Breakfast. It used to be that one meal during the day that I really didn’t have to think about. Porridge on weekdays, and a croissant and a boiled egg on the weekend if I was feeling fancy. But then I moved to Berlin and within a few weeks, breakfast turned into one of the most important meals of the day.
Not necessarily because I was constantly recovering from big nights out, but because I discovered how amazing breakfast can be. Pancakes, avocado, home-cooked oats, the best cheeses and coffee that blows your mind – I never wanted to eat porridge again. I once read that while New York is the city that never sleeps, Berlin is the city where it’s always someone’s morning – and therefore always time for breakfast. Here’s my breakfast guide for any mood!
What do you know about architecture in the GDR? It started with the Stalinist palaces on Karl-Marx-Allee and ended with endless boring prefab buildings (‘Plattenbauten’)? Think again. Even though building was – like everything else in the GDR – a government-run affair, there were still some architects that grew to be stars. They designed properties that still define Berlin, each an inseparable part of the time they were built in and each telling us about more than just architecture. So allow me to introduce you to three of the most remarkable architects of the GDR.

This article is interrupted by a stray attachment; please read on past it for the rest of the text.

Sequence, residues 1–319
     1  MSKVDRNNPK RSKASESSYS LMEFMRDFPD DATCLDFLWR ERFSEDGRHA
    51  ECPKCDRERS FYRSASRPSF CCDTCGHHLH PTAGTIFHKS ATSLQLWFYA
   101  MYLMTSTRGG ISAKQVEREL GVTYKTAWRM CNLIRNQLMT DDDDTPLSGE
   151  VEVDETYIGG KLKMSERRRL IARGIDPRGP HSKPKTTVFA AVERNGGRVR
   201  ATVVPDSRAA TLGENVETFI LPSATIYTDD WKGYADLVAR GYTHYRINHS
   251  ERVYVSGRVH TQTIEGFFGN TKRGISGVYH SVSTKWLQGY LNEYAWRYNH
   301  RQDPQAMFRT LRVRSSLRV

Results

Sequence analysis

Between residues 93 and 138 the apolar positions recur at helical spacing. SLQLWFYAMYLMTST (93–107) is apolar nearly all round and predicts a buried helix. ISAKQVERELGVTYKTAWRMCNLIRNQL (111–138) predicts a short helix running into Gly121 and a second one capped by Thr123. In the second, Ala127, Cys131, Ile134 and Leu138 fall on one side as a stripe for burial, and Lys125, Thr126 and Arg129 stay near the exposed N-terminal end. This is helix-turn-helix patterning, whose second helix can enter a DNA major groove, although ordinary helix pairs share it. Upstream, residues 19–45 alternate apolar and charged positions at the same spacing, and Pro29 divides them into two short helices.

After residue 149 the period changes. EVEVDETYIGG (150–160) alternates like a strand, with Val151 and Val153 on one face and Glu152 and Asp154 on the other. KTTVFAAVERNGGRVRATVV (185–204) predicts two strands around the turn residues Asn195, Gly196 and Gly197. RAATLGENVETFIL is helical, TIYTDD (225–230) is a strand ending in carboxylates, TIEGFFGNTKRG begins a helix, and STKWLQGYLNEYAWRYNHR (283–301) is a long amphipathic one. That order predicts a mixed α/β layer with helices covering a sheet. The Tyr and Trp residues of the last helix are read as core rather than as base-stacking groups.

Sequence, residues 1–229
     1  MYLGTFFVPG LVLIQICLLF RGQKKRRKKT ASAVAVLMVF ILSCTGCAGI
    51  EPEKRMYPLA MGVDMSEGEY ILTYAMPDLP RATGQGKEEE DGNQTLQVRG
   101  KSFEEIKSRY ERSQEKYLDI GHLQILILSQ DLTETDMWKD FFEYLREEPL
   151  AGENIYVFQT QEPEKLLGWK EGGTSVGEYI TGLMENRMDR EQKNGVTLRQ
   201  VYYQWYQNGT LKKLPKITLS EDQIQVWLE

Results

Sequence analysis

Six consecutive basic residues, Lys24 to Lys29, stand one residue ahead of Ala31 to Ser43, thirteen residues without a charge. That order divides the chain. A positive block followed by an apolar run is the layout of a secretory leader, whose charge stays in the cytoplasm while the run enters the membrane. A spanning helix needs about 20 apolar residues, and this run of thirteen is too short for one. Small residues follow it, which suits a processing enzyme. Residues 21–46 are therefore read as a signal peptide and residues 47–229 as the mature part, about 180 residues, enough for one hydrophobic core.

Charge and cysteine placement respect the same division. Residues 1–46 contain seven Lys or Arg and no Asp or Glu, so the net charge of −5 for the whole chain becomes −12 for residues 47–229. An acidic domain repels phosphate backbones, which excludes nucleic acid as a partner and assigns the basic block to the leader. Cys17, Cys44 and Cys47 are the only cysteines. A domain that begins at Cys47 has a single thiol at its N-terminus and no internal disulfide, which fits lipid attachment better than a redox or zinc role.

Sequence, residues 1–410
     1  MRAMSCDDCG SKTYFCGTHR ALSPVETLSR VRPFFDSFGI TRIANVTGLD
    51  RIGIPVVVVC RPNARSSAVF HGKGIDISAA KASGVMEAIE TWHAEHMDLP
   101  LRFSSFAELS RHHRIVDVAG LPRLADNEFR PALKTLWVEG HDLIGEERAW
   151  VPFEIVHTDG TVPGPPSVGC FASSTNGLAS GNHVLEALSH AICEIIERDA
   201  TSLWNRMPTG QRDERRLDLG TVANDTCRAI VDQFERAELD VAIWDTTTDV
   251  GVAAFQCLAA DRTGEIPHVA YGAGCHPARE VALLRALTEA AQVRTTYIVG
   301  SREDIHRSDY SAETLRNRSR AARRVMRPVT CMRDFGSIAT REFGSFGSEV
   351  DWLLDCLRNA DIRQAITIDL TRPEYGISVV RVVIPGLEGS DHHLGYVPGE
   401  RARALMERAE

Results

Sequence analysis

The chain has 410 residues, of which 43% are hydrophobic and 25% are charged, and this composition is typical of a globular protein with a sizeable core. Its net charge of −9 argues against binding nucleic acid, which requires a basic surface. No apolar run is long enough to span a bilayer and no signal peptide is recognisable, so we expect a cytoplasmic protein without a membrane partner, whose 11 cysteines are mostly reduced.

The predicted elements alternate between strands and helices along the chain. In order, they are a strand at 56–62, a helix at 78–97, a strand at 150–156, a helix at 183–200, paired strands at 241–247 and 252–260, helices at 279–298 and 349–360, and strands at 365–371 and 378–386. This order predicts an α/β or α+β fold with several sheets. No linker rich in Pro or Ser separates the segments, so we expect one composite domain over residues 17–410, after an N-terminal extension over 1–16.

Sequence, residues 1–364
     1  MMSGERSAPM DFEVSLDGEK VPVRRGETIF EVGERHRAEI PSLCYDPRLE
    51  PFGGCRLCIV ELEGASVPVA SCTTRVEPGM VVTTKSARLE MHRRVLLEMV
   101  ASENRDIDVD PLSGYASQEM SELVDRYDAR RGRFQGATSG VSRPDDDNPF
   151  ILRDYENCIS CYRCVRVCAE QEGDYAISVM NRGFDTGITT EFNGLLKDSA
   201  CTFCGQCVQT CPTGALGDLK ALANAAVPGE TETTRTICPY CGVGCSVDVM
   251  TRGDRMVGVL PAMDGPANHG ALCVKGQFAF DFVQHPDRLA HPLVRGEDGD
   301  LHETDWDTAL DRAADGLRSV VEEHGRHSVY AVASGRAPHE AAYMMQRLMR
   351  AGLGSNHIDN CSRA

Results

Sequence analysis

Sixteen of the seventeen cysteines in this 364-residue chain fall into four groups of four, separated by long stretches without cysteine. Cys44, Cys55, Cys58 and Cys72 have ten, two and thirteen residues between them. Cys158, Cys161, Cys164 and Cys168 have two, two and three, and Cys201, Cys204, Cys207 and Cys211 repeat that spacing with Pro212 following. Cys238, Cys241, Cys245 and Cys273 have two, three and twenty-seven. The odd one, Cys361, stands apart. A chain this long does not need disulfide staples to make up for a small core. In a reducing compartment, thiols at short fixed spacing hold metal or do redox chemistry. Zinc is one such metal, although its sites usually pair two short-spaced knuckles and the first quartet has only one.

Korn: Nikolaiviertel. Image courtesy of picclicimg.com
Few people may be aware today just how popular East German doll houses and their furniture used to be in West Germany in the period between the 1950s and 1970s. Pick up any West German mail-order catalogue from that period, or look at photographs of children’s rooms and it seems quite obvious that toytown was never divided by a wall. There was a good reason for the popularity of these miniature interiors: they were sophisticated designs lovingly crafted in a style we would now refer to as mid-century and search out in vintage collections such as Gallery Central Berlin or on eBay.
Miniature Berlin; Source: Elena Noeva / Shutterstock